Thursday, August 11, 2022
Solden Travel Guide - Travel S Helper

Sölden

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Sölden is a ski resort in the Austria (Tirol), Tiroler Oberland (region), Imst (District)). There are 144.2 km of slopes and 1.9 km of ski paths for skiing and snowboarding. The visitors are transported through 31 elevators. The winter sports area is located between 1,350 and 3,340 meters above sea level. The airport in Innsbruck is just an hour distant, while the railway station in Tztal is only 40 minutes away (which provides bus services to take you to the resort).

Solden is a very tight town with a river flowing through it and classic Tyrolean style buildings, with most hotels, restaurants, and clubs on the main street, which is overshadowed by the stunning parish church.

The major resort is linked by three smaller communities. Hochsolden, at 2,090m, is the highest up – it’s ski-in ski-out and offers an exclusive ambience enhanced by historic wooden construction. In terms of height, Zwieselstein and Vent are located between Solden and Hochsolden. Nearby resorts, such as Obergurgl, are readily accessible from all four.

The atmosphere is undeniably one of Solden’s biggest attractions. After the lifts shut and the vibrant après ski begins, the main town is buzzing, particularly around the Giggijoch and Gaislachkogl gondolas.

The Solden/tztal ski pass spans 140 kilometers and includes two mountains – Giggijoch and Gaislachkogl – as well as two glaciers – Rettenbach and Tiefenbach. With three peaks over 3000m – Gaislachkogl (3,058m), Tiefenbachkogl (3250m), and the highest Schwarze Schneide – the region is unique in Austria (3340m). Solden’s 33 new lifts can transport 68,000 passengers per hour (which means less queue), and this is one of Austria’s first resorts to offer free WiFi in the major ski areas for the odd tweet on the slope.

The magnificent Otztal Valley gained worldwide news in 1991 when its most ardent supporter, a 5,300-year-old man, was discovered perfectly preserved in a high Alpine snowdrift with “the skin of a roasted turkey.” Otzi, a Neolithic Age hunter, discovered the hard way that Solden’s terrain is tough. The Otztal Arena Solden, which stretches to 3,249 meters, is magnificent by Austrian and even Swiss standards, a winter playground reached by a cutting-edge lift system and lined with 48 snow cannons for good measure.

Every October, the winter ski and party season officially starts out. At the season’s first World Cup, Hermann Maier takes on the viciously frozen difficult courses on the Rettenbach Glacier. The glaciers of Rettenbach and Tiefenbach, which were linked to the larger ski area in 1998-99, provide a superwide playing field for the world’s fastest skiers. You’ll be amazed as well.

Solden’s three skiable 3,000ers are each highlighted with a magnificent viewing point surrounded by shimmering ripples of snowy peaks. The first is at the Gaislachkogel gondola, a 3,058-metre-high circular deck. The next is a frightening gangplank at Tiefenbachkogl that hangs above thin air and glances fiercely into the face of Austria’s second highest mountain, the Wildspitze. The third, Schwarze Schneid, is a 10-minute trek up to an imposing column with a superb 360-degree chart depicting over 20 surrounding peaks.

Solden info card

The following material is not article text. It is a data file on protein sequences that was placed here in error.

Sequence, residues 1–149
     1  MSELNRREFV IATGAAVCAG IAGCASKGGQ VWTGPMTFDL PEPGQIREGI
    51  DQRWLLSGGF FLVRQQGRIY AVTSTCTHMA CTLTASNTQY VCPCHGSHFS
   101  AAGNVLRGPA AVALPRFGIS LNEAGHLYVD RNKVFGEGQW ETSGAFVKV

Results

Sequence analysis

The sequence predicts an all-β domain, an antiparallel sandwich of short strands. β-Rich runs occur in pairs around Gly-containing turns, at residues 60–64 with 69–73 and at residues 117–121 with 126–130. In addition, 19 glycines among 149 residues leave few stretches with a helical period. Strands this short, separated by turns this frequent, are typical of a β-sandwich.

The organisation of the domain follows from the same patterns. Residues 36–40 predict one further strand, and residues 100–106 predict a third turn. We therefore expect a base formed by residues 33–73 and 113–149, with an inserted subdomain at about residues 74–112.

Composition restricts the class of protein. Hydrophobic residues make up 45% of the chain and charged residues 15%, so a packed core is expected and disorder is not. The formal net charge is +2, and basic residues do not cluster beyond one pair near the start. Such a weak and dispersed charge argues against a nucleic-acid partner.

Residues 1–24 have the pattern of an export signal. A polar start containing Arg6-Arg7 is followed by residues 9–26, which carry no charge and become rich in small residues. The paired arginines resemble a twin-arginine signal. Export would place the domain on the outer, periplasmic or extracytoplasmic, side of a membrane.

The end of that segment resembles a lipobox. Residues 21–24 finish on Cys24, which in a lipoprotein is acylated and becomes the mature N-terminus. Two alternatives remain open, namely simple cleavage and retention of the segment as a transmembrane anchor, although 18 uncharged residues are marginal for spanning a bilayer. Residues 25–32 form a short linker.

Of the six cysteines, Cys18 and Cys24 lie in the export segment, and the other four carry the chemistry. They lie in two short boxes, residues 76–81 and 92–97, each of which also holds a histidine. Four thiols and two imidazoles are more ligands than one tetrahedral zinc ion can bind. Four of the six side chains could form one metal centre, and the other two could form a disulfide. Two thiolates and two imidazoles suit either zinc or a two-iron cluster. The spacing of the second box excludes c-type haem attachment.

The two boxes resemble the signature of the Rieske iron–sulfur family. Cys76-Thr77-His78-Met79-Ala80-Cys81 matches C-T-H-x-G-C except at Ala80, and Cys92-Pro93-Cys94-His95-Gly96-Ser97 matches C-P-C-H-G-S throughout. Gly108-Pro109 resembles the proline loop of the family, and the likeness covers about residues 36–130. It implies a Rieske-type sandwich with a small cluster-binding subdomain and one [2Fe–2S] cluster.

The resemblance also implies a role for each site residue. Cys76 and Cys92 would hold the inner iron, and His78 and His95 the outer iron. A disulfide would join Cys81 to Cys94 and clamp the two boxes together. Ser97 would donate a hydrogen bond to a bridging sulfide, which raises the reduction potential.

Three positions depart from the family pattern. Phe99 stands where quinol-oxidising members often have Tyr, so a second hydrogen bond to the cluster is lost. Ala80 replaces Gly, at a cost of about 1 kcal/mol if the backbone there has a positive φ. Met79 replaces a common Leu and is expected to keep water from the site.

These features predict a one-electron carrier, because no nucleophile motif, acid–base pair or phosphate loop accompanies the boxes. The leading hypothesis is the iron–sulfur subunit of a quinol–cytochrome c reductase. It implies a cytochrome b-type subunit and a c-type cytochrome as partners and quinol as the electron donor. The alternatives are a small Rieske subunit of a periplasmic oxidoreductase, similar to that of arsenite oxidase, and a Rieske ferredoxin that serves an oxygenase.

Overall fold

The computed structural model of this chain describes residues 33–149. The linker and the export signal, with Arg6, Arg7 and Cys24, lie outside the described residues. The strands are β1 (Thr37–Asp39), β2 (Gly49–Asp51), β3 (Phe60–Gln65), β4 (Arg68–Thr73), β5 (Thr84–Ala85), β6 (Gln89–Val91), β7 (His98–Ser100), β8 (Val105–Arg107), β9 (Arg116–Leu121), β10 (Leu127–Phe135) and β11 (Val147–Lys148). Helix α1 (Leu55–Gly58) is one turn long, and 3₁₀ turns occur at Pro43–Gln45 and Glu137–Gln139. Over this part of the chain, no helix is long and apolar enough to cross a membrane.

Resort Altitude 1350m
Highest Lift 3250m
Total Piste 146km
Longest Run 15km
Directions of Slopes E, S, N, W
Uphill Capacity 70000
Total Lifts 33
Gondolas/Cable cars 8
Chairlifts 16
Drag Lifts 9
Snow Parks 2

Best time to visit Solden

With glacier skiing and three peaks over 3000m, conditions are generally superb throughout the season. You won’t have to wait long either, since the lifts transport a total of 68,000 skiers every hour.

Special events such as the Gay Snowhappening and Electric Mountain Festivals may influence when you should ski. The Gay Snowhappening is usually an action-packed week at the conclusion of the season, while the Electric Mountain Festival takes place over 6 or 7 days during the season, with performances by big-name DJs (David Guetta in 2012). Even if you don’t make it here for these, there are weekly events like as the Night Ski show – which normally runs until March – and the Söldenparty, so there’s always something fun going on!

The quietest periods of year are usually early in the season, around mid-January, and at the conclusion of the season. Ski passes are often cheaper at these times as well, which is fantastic if you want to save money.

Skiing in Solden

A good selection of ski schools, including ‘Yellow Power,’ making this a wonderful spot to learn and develop. Innerwald (at the foot of the Gaislachkogl gondola) contains several good nursery routes where beginners may learn the fundamentals without competing with quicker skiers.

There are 67km of blue routes accessible for novices, including some especially nice runs on the Tiefenbach glacier. Practice on the Blue 38 from the Tiefenbach’s summit — it’s a spacious, straightforward, but lengthy 11km descent. The Blue 13 on Giggijoch is another beginner-friendly route since it is broad and well-kept.

This is also an excellent location for intermediates. If you want a challenge, there are approximately 50km of red routes and 20% of the ski area is above red difficulty, with Giggijoch and Gaislachkogl giving some fantastic descents. The red runs back to the bottom of Giggijoch (like 19) from the top of the Gondola or from Hochsolden are fantastic for intermediates, and red route 1 from the top of the Gaislachkogl lift is also fantastic (which has a near 1000m drop along its route). A lot of additional Gaislachkogl runs are as difficult.